HIV infection and multidrug resistant tuberculosis: a systematic review and meta-analysis
Abstract: Background: Multidrug-resistant tuberculosis (MDR-TB) in HIV infected individuals is a serious threat to global efforts to combat tuberculosis. Inconsistent findings on the association between HIV infection and MDR-TB were present in many studies. We aimed to review existing data on the relationship between HIV infection and MDR-TB systematically to assess the contribution of HIV on MDR-TB worldwide. We also investigated the patterns of MDR-TB by age, country-wise income, study designs, and global regions. Methods: We utilized PubMed, Google Scholar, and ScienceDirect databases to select eligible studies for meta-analysis that were published between January 1, 2010, and July 30, 2020. The random-effects model was used to obtain the pooled odds ratio of the crude association between HIV and MDR-TB with a 95% confidence interval. We investigated the potential publication-bias by checking funnel plot asymmetry and using the Egger’s test. Moreover, we assessed the heterogeneity using the I2 statistic. Sensitivity analysis was performed based on sample size and adjustment factors. The protocol was registered with PROSPERO-CRD42019132752. Results: We identified 1603 studies through a database search, and after subsequent eliminations we selected 54 studies including 430,534 TB patients. The pooled odds of MDR-TB was 1.42 times higher in HIV-positive patients than HIV-negative patients (OR=1.42,CI=1.17–1.71, I2=75.8%). Subgroup analysis revealed that the estimated pooled odds for South-East Asian countries was 1.86, which is the highest in WHO regions (OR=1.86,CI=1.30–2.67, I2=0.00%), followed by Europe and Africa. The effect estimate was found to be higher for primary MDR-TB (OR=2.76,CI=1.70–4.46, I2=0.00%). There was also a trend towards increased odds of MDR-TB for HIV patients older than 40 years (OR=1.56,CI=1.17–2.06). The association was found to be significant in high-burden TB countries (OR=1.75, CI=1.39–2.19) and in high-income countries (OR=1.55, CI=1.06–2.27). Conclusion: Such findings indicate that HIV infection raises the risk of MDR-TB, and after contrasting it with the results of the earlier pooled study, it appeared to be an upward risk trend. Moreover, we found that the risk is the highest in the South-East Asian region. A balanced allocation of resources is needed to halt both primary and secondary MDR-TB, particularly in HIV infected people with 40 years of age and older.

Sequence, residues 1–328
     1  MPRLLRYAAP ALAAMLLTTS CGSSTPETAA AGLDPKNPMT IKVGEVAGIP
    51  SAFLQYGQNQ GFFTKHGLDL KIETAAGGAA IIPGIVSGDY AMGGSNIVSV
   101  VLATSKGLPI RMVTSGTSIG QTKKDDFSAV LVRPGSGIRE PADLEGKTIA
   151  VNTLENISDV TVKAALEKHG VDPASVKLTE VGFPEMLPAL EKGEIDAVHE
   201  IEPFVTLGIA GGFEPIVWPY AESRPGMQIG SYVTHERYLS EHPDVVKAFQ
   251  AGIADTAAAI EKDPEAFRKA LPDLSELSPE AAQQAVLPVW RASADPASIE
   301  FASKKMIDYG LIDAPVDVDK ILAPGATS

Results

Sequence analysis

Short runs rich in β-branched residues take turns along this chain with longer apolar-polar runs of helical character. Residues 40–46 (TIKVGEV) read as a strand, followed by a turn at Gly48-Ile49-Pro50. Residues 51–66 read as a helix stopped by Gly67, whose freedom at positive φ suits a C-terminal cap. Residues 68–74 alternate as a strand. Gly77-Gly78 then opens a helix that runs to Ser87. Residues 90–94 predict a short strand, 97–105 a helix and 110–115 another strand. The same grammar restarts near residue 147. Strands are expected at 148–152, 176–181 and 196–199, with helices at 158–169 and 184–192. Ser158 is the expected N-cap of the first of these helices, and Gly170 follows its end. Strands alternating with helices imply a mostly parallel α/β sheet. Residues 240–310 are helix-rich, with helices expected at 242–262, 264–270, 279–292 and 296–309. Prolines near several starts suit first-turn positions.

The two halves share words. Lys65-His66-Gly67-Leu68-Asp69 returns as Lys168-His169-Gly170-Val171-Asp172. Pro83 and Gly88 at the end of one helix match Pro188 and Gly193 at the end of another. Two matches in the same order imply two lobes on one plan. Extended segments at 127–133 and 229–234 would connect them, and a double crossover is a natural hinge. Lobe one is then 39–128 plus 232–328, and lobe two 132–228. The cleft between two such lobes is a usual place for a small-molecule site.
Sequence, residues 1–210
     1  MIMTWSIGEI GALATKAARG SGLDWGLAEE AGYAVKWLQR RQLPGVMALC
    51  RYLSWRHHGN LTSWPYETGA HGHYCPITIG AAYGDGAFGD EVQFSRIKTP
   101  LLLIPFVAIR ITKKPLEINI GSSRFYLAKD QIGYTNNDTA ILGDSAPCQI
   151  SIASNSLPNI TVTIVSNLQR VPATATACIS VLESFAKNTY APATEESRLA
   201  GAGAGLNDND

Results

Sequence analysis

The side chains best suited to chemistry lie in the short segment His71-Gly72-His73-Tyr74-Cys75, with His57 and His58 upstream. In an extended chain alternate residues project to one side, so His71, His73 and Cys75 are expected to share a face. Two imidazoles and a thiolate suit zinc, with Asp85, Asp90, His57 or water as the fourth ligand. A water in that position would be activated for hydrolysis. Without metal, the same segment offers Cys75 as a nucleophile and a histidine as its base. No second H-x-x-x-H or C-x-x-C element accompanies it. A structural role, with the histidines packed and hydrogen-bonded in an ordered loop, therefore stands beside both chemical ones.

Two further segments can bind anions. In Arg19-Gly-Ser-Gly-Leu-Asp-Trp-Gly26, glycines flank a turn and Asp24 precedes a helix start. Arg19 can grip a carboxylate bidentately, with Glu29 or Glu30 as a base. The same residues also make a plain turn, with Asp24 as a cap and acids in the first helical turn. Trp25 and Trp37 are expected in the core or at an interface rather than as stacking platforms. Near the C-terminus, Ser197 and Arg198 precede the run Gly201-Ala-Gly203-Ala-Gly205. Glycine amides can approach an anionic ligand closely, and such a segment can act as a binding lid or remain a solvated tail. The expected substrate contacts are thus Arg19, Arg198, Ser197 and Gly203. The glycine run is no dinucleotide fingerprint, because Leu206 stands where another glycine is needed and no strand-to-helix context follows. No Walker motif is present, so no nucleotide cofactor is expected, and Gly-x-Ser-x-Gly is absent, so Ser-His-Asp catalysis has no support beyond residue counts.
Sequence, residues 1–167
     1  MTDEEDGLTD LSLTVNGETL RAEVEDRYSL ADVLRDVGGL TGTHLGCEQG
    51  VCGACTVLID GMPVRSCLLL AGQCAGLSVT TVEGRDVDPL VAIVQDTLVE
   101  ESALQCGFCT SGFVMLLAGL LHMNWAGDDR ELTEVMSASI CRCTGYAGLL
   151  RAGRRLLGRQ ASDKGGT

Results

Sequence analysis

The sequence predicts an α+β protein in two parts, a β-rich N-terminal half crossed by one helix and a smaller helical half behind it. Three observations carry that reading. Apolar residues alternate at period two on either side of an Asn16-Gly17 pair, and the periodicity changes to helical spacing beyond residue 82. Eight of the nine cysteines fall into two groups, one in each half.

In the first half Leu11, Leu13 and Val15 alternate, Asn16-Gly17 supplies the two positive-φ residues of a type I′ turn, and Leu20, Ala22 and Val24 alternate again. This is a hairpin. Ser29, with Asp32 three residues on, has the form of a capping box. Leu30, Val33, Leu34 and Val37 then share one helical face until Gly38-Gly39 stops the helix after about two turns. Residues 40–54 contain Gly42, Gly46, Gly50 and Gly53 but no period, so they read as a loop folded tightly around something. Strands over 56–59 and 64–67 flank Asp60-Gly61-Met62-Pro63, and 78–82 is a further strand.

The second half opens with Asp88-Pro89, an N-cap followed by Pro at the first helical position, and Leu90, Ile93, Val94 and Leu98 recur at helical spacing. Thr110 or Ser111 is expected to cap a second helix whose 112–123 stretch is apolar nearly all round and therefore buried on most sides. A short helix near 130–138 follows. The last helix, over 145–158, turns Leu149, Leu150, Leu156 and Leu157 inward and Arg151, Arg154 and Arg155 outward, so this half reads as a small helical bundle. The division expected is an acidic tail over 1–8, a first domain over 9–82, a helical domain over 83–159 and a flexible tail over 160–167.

Funder: North South University Internal Research Grant